Explaining the Meaning of MOQ

Matt Suggs

For small brands venturing into the food and beverage industry, navigating the production process can be complex. One crucial aspect to consider is the minimum order size required by manufacturers. In this guide, we will provide a brief overview of minimum order sizes for different categories of food and beverage products, offering rough estimates to help you plan your production effectively.

What is an MOQ?

Minimum Order Quantity (MOQ) is a critical term in the manufacturing and supply chain sectors, representing the smallest amount of a product a supplier is willing to sell. Its significance extends across various aspects of production and procurement, directly influencing inventory management, cost structures, and market responsiveness.

The Role of MOQs in Manufacturing

MOQ is pivotal in manufacturing, balancing production efficiency with market demand. It ensures manufacturers produce economically viable quantities, optimizing resource utilization and minimizing waste. This balance aids in efficient production planning and inventory management, crucial for meeting consumer demands without overproduction.

MOQ’s Impact on Supply Chain Dynamics

Within supply chains, MOQs influences inventory levels, supplier-manufacturer relationships, and product pricing. It dictates purchasing decisions and inventory strategies, ensuring a smooth flow of goods and reducing the risks of stockouts or excess inventory. By setting appropriate MOQs, suppliers can maintain efficient supply chain operations.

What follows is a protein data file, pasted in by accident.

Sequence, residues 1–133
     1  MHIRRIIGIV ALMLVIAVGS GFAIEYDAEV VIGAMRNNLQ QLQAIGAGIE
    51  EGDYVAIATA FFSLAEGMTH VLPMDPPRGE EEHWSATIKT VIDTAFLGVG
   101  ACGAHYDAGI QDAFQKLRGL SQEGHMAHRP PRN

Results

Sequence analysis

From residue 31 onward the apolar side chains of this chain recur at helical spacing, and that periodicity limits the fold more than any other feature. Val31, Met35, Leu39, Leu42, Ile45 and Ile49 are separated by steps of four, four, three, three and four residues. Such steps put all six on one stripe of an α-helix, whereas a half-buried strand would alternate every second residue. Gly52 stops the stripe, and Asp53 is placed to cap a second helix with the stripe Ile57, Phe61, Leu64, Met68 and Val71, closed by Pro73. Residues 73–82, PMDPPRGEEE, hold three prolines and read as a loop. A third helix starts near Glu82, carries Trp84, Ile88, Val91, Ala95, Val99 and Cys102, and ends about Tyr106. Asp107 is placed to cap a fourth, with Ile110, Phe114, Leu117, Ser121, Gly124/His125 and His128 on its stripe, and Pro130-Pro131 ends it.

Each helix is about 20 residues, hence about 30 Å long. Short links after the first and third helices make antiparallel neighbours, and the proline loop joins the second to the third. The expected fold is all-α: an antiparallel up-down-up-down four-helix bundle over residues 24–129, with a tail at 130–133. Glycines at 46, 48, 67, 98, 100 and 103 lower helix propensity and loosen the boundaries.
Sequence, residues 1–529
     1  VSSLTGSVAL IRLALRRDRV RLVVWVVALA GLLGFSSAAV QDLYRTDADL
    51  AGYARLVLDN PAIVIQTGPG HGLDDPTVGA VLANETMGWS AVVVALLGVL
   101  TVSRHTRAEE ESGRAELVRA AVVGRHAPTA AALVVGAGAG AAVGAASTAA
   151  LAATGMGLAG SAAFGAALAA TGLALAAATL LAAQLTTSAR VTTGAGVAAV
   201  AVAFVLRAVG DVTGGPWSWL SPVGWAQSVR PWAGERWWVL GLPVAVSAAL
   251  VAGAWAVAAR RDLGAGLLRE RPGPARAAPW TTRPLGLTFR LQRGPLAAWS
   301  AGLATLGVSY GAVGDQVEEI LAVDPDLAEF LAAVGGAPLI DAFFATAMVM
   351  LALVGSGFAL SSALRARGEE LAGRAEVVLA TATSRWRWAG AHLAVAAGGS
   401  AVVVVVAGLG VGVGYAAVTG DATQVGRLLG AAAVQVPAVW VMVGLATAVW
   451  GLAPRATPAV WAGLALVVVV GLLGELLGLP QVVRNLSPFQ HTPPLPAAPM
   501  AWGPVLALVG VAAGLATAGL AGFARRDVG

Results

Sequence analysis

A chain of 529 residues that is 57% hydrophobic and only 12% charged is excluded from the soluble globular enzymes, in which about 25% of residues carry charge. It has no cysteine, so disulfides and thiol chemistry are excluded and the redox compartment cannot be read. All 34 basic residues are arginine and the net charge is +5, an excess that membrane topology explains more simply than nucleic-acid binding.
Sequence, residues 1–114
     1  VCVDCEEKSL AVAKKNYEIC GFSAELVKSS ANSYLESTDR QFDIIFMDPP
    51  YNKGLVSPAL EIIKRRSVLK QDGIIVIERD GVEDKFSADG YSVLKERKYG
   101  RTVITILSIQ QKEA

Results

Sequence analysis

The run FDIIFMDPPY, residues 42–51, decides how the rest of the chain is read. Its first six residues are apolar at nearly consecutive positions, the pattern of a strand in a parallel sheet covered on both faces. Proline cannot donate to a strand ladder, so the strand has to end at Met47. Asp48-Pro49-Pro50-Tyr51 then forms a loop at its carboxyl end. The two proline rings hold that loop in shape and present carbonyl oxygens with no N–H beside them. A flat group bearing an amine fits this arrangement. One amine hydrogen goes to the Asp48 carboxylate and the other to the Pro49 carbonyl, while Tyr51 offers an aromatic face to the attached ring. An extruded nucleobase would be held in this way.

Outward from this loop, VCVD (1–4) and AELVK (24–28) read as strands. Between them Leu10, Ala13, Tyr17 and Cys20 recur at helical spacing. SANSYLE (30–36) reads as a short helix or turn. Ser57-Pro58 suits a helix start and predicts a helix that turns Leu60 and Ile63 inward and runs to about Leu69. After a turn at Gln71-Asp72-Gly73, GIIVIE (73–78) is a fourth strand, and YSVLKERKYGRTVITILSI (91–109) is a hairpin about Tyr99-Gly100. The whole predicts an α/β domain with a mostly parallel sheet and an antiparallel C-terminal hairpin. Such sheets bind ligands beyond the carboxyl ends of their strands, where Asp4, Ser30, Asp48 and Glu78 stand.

Production Timelines and MOQ

MOQ affects production timelines by determining batch sizes, influencing how manufacturers schedule their production. Higher MOQs can lead to longer, more efficient production runs but require more planning and resources. Conversely, lower MOQs offer flexibility to adapt to market changes but may lead to less efficient production due to frequent setup changes.

MOQ and Cost-Effectiveness

The relationship between MOQ and cost-effectiveness is complex. Higher MOQs can reduce per-unit costs through economies of scale but also entail higher upfront investments and inventory holding costs. Lower MOQs decrease these risks and enhance market adaptability but may increase per-unit costs and affect overall profitability.

Minimum Order Size Estimates by Category

It’s important to note that minimum order sizes can vary significantly depending on the manufacturer, product type, packaging, process complexity, and other factors. The estimates provided below are meant to serve as a general guideline, but it’s always recommended to reach out to specific manufacturers for accurate information based on your unique requirements.

  1. Packaged Food Products: Minimum order sizes for packaged food products typically range from 1,000 to 10,000 units, depending on factors such as product complexity, packaging type (e.g., cans, jars, pouches), and production capabilities of the manufacturer. Simple products with standardized packaging may have lower minimum order requirements, while more specialized or custom packaging options may require higher quantities.
  2. Beverages: The minimum order sizes for beverages can vary significantly depending on factors such as the type of beverage (e.g., carbonated, non-carbonated, alcoholic), packaging format (e.g., bottles, cans, tetra packs), and production capabilities. Generally, minimum order sizes for beverages can range from 1,000 to 20,000 units. Customization, such as unique flavors or specialized packaging, may require higher minimum order quantities. Overall, beverages tend to have higher minimums than other food products.